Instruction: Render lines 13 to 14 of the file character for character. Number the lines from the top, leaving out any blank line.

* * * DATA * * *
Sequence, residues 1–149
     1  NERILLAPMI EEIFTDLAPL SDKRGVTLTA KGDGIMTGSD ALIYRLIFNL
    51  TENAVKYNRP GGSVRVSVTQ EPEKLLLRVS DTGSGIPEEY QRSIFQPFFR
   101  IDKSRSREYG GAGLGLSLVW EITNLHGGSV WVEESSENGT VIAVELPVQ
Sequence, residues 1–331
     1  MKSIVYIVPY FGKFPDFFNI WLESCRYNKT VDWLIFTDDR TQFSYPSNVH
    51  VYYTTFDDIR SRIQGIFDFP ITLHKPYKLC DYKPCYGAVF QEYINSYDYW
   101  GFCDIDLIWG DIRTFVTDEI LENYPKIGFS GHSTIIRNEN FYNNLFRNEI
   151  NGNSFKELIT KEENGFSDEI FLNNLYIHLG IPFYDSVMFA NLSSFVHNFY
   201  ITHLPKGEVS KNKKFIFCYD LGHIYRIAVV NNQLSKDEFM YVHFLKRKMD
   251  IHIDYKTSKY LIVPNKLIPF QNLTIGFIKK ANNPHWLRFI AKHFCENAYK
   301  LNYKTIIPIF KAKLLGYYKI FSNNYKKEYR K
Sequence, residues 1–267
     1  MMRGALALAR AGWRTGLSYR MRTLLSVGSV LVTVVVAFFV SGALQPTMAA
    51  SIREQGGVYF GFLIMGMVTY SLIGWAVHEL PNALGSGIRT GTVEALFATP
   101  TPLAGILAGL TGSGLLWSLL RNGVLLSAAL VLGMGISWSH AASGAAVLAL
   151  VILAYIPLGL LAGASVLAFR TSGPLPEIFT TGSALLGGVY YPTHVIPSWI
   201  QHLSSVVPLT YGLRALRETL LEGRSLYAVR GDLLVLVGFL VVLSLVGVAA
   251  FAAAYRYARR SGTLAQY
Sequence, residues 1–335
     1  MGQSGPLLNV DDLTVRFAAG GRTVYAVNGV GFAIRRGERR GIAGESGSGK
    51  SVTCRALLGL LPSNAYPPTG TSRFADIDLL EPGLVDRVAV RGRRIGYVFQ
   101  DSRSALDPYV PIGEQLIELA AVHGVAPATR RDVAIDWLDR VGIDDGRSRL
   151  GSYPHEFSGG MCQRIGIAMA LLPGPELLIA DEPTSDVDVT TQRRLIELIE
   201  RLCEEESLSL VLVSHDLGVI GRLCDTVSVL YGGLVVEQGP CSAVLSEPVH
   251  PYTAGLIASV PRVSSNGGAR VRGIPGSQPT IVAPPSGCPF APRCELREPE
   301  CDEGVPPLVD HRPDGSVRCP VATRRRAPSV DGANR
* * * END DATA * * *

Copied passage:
Sequence, residues 1–267
     1  MMRGALALAR AGWRTGLSYR MRTLLSVGSV LVTVVVAFFV SGALQPTMAA